Review: John Wick: Chapter 3 – Parabellum (2019)


John Wick: Chapter 3 - Parabellum is a case of diminishing returns, where the exceptional action is still present, but less impressive than it was the last two times around. This is understandable. Familiarity reduces novelty, and watching Keanu Reeves’ super assassin, John Wick, dispatch dozens of henchmen with headshots is not as exhilarating as it once was. But it’s still entertaining, and, purely as a showcase of action choreography and stuntwork, John Wick: Chapter 3 remains exceptional.

Picking up immediately where John Wick: Chapter 2 left off, John Wick: Chapter 3 finds Reeves’ assassin facing excommunication from the underground world he inhabits. He desperately flees through the streets of New York City in an attempt to find safety and stave off the waves of assassins eager to claim the $14 million bounty on his head. His attempts to save his life take him to Casablanca and then eventually back to The Continental in New York, the swank hotel that doubles as the epicentre of assassin life in the franchise.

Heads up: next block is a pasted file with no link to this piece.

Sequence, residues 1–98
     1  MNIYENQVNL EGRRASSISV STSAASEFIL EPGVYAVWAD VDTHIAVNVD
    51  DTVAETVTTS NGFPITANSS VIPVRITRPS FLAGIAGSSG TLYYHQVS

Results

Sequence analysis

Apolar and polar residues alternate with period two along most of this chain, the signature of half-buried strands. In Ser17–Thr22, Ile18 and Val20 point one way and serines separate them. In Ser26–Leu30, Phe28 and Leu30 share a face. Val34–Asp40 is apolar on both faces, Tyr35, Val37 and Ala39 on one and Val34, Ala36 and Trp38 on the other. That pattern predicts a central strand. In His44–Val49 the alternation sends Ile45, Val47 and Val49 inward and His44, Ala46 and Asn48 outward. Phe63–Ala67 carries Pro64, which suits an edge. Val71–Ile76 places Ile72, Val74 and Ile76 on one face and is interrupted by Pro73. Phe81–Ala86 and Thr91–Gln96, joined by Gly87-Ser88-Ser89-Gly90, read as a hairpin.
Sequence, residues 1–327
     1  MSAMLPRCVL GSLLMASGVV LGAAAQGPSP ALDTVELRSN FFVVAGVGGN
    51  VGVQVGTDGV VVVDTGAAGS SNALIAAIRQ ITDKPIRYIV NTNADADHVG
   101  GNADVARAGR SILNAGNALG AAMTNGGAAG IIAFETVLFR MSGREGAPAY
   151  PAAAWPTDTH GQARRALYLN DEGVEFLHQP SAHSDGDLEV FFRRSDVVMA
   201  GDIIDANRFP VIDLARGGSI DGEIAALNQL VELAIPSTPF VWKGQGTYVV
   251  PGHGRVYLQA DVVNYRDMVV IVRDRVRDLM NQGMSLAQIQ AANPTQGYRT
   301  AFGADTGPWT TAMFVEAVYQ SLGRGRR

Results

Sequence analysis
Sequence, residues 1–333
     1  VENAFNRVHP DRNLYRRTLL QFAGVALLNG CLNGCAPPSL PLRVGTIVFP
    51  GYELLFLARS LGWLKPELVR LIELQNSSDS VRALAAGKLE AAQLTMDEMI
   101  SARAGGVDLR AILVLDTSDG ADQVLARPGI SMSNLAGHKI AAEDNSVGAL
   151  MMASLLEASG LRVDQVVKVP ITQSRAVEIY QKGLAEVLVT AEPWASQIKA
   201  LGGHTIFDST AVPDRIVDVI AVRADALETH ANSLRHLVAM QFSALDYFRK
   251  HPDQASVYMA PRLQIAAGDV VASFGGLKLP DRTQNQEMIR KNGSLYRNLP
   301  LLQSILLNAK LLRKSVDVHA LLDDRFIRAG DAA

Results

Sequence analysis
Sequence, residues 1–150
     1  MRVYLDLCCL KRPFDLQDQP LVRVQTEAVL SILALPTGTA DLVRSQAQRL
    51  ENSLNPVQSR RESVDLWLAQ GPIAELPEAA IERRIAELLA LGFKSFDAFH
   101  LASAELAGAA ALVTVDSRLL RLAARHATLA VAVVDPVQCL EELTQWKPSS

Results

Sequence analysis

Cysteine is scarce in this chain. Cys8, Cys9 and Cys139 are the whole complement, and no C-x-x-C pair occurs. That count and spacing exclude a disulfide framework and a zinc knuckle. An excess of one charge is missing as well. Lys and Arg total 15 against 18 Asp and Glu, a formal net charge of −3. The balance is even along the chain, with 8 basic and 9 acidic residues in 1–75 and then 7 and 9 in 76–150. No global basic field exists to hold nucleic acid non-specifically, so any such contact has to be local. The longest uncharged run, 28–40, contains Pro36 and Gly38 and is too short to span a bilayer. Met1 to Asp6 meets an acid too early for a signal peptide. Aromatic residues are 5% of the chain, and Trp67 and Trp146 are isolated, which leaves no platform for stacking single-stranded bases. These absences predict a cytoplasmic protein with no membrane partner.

Much like Chapter 2, Chapter 3 simultaneously deepens the storyworld and fleshes out elements of John Wick’s past, while maintaining the veneer of mystery that makes him alluring. For instance, an encounter with Anjelica Huston’s Director, a Belarussian mobster that runs a ballet company, hints that Wick was an orphan raised within the company, explaining both his familiarity with Slavic languages and his balletic movements during fight scenes. But the sequences never out-and-out explain the connections, and there’s not nearly as much time spent on exposition here as there was in Chapter 2. Chapter 3 simply adds more pieces to the puzzle, expanding the world, but not explaining it.